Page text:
This study, framed by social constructionism, retrospectively examines how faculty mentoring influenced the transformations of 10 female graduate students’ relational selves and their professional identities as qualitative researchers and scholars. Participants reported that effective mentorships often resulted in collaboration on research projects, as well as shared decision- and meaning-making. Effective mentoring also led to the development of the students’ research skills while simultaneously constructing their professional and academic selves. These situated mentorships were shaped by the diverse values, expectations, and hopes that the participants associated with mentoring. Additionally, the local practices, power structures, and relationships at the department or university level influenced, and possibly discouraged, active communication and ongoing dialogue regarding the individuals’ experience of mentoring. Ultimately, participants described how their experiences of mentoring welcomed them into the scholarly community and ensured their professional competence as researchers and academics, which, in turn, transformed the students’ broader sense of self.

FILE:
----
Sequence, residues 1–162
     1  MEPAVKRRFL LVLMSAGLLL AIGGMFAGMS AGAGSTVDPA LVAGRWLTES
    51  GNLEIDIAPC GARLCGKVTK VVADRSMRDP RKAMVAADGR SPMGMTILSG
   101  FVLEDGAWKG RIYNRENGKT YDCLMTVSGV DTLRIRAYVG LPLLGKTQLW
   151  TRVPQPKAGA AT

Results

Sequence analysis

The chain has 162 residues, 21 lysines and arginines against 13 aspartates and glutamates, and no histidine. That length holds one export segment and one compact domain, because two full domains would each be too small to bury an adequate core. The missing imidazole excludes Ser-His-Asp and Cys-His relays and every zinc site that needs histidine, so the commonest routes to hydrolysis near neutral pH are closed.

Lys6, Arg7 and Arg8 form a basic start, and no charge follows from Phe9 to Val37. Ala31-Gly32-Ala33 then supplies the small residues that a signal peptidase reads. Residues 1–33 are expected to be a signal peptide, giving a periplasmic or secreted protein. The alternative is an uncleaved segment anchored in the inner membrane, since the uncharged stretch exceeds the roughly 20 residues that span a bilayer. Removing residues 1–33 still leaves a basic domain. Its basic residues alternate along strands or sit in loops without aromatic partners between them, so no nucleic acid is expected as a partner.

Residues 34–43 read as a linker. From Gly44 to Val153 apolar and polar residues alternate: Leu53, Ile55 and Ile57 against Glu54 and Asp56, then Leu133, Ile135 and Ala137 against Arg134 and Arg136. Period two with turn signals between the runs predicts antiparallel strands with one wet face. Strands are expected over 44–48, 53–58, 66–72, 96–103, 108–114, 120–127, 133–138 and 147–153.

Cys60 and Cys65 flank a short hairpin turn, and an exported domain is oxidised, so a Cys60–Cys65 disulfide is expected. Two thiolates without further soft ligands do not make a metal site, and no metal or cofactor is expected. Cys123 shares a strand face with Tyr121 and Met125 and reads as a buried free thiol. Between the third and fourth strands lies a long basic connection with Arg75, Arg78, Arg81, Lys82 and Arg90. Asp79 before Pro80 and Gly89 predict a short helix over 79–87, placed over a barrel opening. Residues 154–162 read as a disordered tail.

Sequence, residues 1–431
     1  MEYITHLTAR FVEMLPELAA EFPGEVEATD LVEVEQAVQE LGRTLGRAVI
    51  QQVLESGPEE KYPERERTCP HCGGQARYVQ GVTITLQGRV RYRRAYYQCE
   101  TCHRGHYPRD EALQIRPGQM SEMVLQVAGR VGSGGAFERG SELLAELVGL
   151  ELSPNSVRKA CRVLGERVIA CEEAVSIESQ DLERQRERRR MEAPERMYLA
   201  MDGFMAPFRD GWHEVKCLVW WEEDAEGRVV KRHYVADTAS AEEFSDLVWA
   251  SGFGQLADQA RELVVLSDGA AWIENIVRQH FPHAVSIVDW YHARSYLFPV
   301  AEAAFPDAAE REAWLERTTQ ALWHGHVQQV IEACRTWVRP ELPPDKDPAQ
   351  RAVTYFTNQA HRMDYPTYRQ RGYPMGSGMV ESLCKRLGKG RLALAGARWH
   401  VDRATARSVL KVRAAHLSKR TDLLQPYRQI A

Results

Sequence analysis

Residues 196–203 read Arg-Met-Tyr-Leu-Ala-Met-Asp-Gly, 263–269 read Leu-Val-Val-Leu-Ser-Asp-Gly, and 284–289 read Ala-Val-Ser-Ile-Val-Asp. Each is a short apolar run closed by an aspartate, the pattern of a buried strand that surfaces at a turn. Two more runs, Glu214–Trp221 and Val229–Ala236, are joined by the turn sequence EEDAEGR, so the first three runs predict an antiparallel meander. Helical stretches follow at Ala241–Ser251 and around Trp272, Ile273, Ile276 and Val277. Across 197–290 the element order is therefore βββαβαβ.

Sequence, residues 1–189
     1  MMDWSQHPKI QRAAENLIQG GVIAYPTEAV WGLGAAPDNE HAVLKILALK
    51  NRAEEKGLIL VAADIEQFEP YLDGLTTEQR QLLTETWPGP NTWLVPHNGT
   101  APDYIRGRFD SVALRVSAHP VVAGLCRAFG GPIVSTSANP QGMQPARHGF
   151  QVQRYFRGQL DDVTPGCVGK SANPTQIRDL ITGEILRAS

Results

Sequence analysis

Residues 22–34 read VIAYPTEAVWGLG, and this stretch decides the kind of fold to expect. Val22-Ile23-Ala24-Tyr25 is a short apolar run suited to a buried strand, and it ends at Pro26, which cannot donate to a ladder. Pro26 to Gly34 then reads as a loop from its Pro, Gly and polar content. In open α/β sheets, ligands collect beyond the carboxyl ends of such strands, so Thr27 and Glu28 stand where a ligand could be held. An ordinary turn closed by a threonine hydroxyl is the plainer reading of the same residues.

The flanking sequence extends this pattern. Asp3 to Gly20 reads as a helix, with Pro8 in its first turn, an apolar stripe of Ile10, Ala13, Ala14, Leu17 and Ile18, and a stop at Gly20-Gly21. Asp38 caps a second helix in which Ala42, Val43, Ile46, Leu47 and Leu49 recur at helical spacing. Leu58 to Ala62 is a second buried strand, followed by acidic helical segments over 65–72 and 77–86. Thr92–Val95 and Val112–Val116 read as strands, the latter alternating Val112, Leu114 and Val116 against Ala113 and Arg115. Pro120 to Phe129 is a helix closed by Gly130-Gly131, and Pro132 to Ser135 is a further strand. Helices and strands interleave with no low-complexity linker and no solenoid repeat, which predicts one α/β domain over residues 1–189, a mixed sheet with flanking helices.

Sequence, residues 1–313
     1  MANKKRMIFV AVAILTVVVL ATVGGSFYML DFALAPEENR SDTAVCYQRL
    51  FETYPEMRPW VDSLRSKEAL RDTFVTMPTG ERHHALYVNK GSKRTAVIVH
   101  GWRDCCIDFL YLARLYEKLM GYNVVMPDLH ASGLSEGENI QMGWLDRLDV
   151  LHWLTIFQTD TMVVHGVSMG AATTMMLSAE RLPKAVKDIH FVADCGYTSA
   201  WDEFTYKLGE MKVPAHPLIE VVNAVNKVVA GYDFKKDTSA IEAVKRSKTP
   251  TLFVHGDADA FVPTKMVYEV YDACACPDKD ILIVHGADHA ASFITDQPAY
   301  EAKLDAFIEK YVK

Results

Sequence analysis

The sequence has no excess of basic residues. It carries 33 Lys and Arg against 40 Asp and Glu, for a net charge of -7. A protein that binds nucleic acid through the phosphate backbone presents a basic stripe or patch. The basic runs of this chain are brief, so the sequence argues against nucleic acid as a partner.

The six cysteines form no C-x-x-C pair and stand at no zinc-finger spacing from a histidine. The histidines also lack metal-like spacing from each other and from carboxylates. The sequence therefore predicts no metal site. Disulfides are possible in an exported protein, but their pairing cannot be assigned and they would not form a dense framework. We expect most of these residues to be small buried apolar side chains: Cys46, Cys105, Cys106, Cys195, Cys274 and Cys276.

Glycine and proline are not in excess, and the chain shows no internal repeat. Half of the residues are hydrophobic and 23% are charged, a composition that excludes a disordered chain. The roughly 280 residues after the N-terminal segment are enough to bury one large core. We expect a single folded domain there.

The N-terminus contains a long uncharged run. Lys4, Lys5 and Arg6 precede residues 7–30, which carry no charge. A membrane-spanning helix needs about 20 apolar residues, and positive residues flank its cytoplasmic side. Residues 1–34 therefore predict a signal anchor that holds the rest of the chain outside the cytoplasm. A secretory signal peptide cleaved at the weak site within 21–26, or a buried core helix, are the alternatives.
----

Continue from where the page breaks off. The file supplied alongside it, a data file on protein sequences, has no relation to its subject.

ASJC Scopus subject areas